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Article

Comparison of Microcirculatory Perfusion in Obese and Non-Obese Patients Undergoing Cardiac Surgery with Cardiopulmonary Bypass

1
Department of Anesthesiology, Amsterdam UMC, VU University, 1081 HV Amsterdam, The Netherlands
2
Departments Physiology and Cardiothoracic Surgery, Amsterdam UMC, VU University, 1081 HV Amsterdam, The Netherlands
3
Department of Cardiothoracic Surgery, Amsterdam UMC, VU University, 1081 HV Amsterdam, The Netherlands
4
Faculty of Medicine, Amsterdam UMC, VU University, 1081 BT Amsterdam, The Netherlands
5
Department of Intensive Care, Amsterdam UMC, University of Amsterdam, 1105 AZ Amsterdam, The Netherlands
*
Author to whom correspondence should be addressed.
Academic Editor: Didac Mauricio
J. Clin. Med. 2021, 10(3), 469; https://doi.org/10.3390/jcm10030469
Received: 18 December 2020 / Revised: 18 January 2021 / Accepted: 22 January 2021 / Published: 26 January 2021
(This article belongs to the Special Issue Management of the Perioperative Diabetic Patients)
Obesity is a frequent comorbidity among patients undergoing cardiac surgery with cardiopulmonary bypass (CPB). Cardiac surgery with CPB impairs microcirculatory perfusion, which is associated with multiple organ failure. As microvascular function is frequently compromised in obese patients, we studied whether cardiac surgery with CPB has a more detrimental effect on microcirculatory perfusion in obese patients. Sublingual microcirculatory perfusion was measured with sidestream dark field (SDF) imaging in obese patients (body mass index ≥32 kg/m2; n = 14) without type II diabetes mellitus and in lean patients (BMI 20–25 kg/m2; n = 22) undergoing cardiac surgery with CPB. CPB reduced systolic blood pressure and mean arterial pressure more profoundly in lean compared with obese patients (SBP: 38% vs. 18%; MAP: 11% vs. 8%, p < 0.05), and both restored after weaning from CPB. No differences were present in intraoperative glucose, hematocrit, hemoglobin, lactate, and blood gas values between obese and lean patients. Microcirculatory perfusion did not differ between obese and lean patients the day before surgery. CPB decreased microcirculatory perfusion with 9% in both groups, but this was only significant in lean patients (p < 0.05). Three days following surgery, microcirculatory perfusion was restored in both groups. In conclusion, microcirculatory perfusion was equally disturbed during cardiac surgery with CPB in metabolically healthy obese patients compared to lean patients. View Full-Text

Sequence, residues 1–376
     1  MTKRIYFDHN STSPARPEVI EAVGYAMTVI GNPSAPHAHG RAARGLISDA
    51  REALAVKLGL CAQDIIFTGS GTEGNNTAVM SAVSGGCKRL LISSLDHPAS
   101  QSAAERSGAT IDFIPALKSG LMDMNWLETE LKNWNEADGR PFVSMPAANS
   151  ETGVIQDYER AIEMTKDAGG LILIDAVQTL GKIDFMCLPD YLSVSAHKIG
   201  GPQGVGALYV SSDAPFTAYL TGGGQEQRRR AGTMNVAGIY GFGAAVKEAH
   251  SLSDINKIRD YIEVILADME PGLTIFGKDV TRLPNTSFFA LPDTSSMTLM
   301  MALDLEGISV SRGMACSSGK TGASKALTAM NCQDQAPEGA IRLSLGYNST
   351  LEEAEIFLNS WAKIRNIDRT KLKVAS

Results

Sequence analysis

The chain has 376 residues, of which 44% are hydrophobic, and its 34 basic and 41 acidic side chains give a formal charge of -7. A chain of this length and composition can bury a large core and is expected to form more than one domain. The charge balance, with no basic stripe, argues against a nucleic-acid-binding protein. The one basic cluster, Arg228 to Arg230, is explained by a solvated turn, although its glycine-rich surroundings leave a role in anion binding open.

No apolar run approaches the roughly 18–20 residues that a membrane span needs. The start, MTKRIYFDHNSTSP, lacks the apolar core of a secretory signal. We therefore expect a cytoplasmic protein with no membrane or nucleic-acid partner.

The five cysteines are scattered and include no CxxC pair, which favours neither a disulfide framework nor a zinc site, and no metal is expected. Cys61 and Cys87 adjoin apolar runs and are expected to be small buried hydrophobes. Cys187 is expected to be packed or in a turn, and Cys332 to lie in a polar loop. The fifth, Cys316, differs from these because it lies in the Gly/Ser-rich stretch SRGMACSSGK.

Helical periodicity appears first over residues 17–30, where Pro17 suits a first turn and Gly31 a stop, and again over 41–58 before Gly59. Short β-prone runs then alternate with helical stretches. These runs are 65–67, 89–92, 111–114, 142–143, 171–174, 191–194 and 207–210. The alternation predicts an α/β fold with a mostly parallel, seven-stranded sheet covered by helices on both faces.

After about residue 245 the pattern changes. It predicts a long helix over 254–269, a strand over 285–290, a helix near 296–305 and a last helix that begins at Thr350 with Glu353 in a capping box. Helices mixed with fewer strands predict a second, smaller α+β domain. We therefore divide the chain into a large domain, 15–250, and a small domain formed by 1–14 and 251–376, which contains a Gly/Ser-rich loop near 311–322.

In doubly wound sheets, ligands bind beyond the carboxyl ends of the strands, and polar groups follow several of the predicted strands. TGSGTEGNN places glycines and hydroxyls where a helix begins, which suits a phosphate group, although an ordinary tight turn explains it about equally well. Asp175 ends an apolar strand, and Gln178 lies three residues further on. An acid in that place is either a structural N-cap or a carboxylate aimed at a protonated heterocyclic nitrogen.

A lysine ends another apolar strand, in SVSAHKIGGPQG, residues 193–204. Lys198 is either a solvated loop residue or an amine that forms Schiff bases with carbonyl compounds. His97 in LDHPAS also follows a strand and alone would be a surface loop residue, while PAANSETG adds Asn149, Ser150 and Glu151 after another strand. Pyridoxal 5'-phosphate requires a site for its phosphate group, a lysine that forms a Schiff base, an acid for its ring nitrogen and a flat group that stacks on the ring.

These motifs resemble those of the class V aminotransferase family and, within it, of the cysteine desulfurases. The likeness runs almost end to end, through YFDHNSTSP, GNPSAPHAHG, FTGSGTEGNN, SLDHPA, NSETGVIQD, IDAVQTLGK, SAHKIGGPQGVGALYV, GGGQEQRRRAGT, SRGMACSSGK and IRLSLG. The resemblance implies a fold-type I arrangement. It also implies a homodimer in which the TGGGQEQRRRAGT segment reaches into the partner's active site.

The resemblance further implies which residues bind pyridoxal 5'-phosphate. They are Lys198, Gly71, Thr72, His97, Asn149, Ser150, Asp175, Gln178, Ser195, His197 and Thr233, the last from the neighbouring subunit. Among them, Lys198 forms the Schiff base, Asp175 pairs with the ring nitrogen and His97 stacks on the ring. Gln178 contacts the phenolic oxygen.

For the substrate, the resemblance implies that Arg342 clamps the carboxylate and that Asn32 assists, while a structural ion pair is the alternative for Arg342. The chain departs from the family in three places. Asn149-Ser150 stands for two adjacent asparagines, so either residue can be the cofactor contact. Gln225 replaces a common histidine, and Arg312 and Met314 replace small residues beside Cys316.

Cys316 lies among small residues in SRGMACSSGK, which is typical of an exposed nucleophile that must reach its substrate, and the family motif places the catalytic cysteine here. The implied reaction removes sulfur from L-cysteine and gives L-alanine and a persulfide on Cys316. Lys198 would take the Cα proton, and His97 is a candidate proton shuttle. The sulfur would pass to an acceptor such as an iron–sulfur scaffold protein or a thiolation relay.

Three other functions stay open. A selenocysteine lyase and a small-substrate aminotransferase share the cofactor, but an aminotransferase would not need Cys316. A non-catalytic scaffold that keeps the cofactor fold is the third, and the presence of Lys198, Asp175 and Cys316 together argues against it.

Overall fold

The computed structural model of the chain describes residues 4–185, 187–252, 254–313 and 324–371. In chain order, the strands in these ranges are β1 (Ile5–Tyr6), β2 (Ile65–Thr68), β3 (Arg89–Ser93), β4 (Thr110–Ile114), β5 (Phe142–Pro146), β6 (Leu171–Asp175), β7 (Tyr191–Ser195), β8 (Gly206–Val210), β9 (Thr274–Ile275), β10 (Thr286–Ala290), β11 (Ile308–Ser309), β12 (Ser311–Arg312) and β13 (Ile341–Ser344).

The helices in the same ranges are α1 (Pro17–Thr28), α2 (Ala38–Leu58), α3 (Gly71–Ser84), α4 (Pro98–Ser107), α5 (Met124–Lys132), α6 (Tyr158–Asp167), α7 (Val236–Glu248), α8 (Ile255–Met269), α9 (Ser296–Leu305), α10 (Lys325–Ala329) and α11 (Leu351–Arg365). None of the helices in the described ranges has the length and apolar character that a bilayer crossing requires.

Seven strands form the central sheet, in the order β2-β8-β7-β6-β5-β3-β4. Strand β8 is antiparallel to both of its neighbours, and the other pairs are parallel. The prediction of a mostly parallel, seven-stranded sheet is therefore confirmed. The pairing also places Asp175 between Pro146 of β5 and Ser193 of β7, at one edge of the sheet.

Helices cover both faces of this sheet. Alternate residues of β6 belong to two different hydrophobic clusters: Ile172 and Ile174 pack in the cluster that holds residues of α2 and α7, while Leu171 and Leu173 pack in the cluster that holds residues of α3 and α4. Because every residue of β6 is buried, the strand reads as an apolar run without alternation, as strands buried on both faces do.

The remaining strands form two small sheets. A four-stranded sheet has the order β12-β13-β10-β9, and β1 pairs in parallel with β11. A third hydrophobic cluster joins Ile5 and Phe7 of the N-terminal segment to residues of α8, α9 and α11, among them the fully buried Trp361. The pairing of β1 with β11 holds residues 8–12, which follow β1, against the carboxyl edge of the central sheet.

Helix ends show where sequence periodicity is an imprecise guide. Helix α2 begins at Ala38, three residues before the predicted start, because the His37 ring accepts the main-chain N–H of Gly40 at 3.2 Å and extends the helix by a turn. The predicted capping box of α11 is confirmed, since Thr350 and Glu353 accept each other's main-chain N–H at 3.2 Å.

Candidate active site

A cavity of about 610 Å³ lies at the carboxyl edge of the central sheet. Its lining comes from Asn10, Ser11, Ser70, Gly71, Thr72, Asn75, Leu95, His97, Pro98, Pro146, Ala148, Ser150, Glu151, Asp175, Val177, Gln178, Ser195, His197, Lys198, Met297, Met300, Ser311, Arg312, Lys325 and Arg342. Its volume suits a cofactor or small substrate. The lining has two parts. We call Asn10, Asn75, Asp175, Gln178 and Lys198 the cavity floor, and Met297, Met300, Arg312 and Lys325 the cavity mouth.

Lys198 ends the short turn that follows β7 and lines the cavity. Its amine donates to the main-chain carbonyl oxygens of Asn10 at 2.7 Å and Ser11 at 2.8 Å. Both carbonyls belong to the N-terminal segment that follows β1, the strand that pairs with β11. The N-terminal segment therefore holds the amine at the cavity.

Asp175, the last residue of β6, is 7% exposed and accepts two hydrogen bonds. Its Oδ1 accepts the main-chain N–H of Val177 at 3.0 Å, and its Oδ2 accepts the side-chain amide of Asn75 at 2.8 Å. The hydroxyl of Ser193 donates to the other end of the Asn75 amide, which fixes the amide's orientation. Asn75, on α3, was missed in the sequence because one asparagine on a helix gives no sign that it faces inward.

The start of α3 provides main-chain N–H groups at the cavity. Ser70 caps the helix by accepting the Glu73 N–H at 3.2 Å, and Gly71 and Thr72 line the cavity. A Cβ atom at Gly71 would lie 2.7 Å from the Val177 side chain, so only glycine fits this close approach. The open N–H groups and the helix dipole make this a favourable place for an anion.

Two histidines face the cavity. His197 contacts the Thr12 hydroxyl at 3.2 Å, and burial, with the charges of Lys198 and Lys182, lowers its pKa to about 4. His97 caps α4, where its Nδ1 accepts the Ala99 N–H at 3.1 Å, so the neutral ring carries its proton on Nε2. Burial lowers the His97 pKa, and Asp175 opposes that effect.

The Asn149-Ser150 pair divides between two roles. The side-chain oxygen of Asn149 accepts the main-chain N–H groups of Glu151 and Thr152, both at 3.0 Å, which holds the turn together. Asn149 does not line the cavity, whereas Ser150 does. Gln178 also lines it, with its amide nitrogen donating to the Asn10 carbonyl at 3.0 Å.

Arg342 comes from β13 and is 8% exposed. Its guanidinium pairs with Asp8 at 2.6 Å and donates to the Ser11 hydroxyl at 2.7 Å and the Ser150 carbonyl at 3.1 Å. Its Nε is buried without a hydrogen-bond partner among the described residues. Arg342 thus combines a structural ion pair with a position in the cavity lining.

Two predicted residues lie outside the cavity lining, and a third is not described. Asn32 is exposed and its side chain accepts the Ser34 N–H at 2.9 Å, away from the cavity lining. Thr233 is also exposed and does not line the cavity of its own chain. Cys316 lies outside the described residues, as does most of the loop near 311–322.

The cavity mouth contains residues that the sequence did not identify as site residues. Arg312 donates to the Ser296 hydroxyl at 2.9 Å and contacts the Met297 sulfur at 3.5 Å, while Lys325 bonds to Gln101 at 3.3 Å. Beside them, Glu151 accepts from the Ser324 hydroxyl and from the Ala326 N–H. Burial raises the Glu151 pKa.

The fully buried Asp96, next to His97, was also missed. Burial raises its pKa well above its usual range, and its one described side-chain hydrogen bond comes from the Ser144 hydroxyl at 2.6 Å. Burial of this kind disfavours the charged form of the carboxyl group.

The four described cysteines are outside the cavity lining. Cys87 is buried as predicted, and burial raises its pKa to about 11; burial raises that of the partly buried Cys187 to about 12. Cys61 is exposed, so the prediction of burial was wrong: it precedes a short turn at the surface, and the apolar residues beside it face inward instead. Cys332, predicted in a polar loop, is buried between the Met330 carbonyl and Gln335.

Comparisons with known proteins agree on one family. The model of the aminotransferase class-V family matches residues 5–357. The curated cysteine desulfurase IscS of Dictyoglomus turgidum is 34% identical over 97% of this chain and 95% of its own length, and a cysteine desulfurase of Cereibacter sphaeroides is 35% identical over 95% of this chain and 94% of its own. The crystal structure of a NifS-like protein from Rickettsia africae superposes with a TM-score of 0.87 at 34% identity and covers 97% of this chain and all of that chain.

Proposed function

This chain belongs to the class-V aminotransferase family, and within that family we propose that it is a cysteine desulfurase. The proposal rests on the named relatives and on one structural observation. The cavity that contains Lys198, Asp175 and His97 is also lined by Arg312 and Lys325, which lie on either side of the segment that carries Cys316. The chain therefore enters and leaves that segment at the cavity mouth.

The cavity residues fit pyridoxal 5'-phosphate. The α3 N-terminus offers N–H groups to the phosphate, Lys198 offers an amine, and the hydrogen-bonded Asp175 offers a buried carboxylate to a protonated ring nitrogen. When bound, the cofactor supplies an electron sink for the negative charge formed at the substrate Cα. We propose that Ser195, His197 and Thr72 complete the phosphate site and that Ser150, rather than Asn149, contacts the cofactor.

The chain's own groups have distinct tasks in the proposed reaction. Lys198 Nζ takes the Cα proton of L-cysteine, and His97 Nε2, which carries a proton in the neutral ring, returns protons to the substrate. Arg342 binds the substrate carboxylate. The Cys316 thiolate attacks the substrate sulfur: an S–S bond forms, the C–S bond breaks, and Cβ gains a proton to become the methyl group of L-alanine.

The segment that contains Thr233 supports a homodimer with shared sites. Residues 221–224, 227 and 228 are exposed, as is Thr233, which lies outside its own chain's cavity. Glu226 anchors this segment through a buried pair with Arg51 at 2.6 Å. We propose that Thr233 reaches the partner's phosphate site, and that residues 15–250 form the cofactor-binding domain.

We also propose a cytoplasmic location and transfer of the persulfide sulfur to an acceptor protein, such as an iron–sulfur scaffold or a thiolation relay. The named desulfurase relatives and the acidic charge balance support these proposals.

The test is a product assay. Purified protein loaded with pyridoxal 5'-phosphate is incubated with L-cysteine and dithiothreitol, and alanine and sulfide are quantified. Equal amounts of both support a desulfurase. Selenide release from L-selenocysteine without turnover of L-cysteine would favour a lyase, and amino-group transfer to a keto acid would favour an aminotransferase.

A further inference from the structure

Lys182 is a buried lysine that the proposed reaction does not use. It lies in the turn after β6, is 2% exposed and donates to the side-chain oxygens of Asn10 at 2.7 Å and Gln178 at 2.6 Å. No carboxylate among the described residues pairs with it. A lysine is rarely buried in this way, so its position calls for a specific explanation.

Keywords: cardiac surgery; cardiopulmonary bypass; microcirculation; obesity; SDF; perfusion cardiac surgery; cardiopulmonary bypass; microcirculation; obesity; SDF; perfusion
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MDPI and ACS Style

Boly, C.A.; Venhuizen, M.; Dekker, N.A.M.; Vonk, A.B.A.; Boer, C.; Brom, C.E.v.d. Comparison of Microcirculatory Perfusion in Obese and Non-Obese Patients Undergoing Cardiac Surgery with Cardiopulmonary Bypass. J. Clin. Med. 2021, 10, 469. https://doi.org/10.3390/jcm10030469

AMA Style

Boly CA, Venhuizen M, Dekker NAM, Vonk ABA, Boer C, Brom CEvd. Comparison of Microcirculatory Perfusion in Obese and Non-Obese Patients Undergoing Cardiac Surgery with Cardiopulmonary Bypass. Journal of Clinical Medicine. 2021; 10(3):469. https://doi.org/10.3390/jcm10030469

Chicago/Turabian Style

Boly, Chantal A., Margot Venhuizen, Nicole A. M. Dekker, Alexander B. A. Vonk, Christa Boer, and Charissa E. van den Brom. 2021. "Comparison of Microcirculatory Perfusion in Obese and Non-Obese Patients Undergoing Cardiac Surgery with Cardiopulmonary Bypass" Journal of Clinical Medicine 10, no. 3: 469. https://doi.org/10.3390/jcm10030469

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